As telecoms trade groups file briefs in Federal courts, objecting to the FCC’s classification of ISPs at “common carriers,” (as they did with the railroads, long ago, when Rockefeller was hustling the lines to screw his competitors), Google pointed out that all Net Neutrality means is the right for all content to be served equally slowly.
The FCC’s decision to reclassify broadband Internet access as a telecommunications service will now subject the Internet to international telecom rules, as governed by the United Nations and the ITU, and could prompt other countries to implement similar regulations, claims the head of the major lobbying organization for telecom companies. (See FCC Adopts Title II Internet Regs for Net Neutrality.)
Walter McCormick, president and CEO of United States Telecom Association (USTelecom) , says his organization will be filing a court appeal as soon as details of the Federal Communications Commission (FCC) ‘s new rules are made public, claiming the federal government is overstepping its authority in a way that is “unnecessary and unwise.” Continue reading
By: John Eggerton
In a Feb. 10 letter to FCC chairman Tom Wheeler, more than three dozen of those said the balance of power is in favor of the edge providers, like Netflix, Amazon or Hulu, which are not subject to the new rules beyond being able to complain about the conduct of Internet service providers, not smaller operators. Continue reading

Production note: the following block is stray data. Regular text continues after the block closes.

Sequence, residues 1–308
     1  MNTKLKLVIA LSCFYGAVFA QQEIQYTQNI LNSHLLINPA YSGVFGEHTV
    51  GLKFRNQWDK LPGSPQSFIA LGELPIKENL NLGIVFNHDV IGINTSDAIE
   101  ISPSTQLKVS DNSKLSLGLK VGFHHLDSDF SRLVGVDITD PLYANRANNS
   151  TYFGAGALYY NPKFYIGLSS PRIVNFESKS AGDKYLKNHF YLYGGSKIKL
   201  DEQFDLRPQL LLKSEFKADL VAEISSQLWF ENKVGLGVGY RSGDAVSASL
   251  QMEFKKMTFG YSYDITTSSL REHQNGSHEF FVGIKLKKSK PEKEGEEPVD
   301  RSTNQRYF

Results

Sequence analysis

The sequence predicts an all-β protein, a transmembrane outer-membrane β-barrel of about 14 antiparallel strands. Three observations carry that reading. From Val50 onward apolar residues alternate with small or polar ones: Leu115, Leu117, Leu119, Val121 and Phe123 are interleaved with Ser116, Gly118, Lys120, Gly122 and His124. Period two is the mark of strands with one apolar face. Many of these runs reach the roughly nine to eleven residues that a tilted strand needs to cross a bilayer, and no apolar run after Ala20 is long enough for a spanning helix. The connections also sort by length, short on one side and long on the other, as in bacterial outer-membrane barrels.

Please read the entire article to understand the extent of what Wheeler is proposing. The lack of being able to prioritize content and possible scrutinization of peering arrangements is the most troublesome to me. The inability to prioritize content puts the OTT providers at a disadvantage to the incumbent service providers that are the ISP too because it does not allow them to provide the same quality of service as the incumbents do with their voice and video out of band.
Federal Communications Commission (FCC) Chairman Thomas Wheeler today unveiled his new attempt to implement Net Neutrality. As had been signaled for several weeks, the plan involves limited application of Title II reclassification of Internet service provision as a telecommunications service. Continue reading
There is not a mention of municipal broadband in this article other than the statement about the number of states with laws blocking it. At this time we have discovered that a vast majority of comments received by the FCC were form letters created by Soros-backed groups demanding more government control and that it is generally accepted that more regulation, especially Title II, will increase broadband rates. Yet, there are still people that believe that more government intervention will increase freedom and privacy.
The net neutrality discussion has raged since January when a U.S. appeals court struck down federal rules that barred broadband providers from creating fast and slow Internet lanes, essentially allowing ISPs to favor some sites and slow down others.
Mark Cuban has become one of the loudest voices against new so-called net neutrality regulations that’s not coming from a telecom company’s executive suite.
On his lively Twitter feed and in provocative blog comments, the entrepreneur has questioned the wisdom of the government treating broadband Internet as a kind of public infrastructure, as was recently called for by President Obama. That approach would require that Internet service providers to ensure they treat all content that flows through their networks more or less the same. Cuban’s biggest worry: that those rules, even if well-intentioned, could end up killing innovation. Continue reading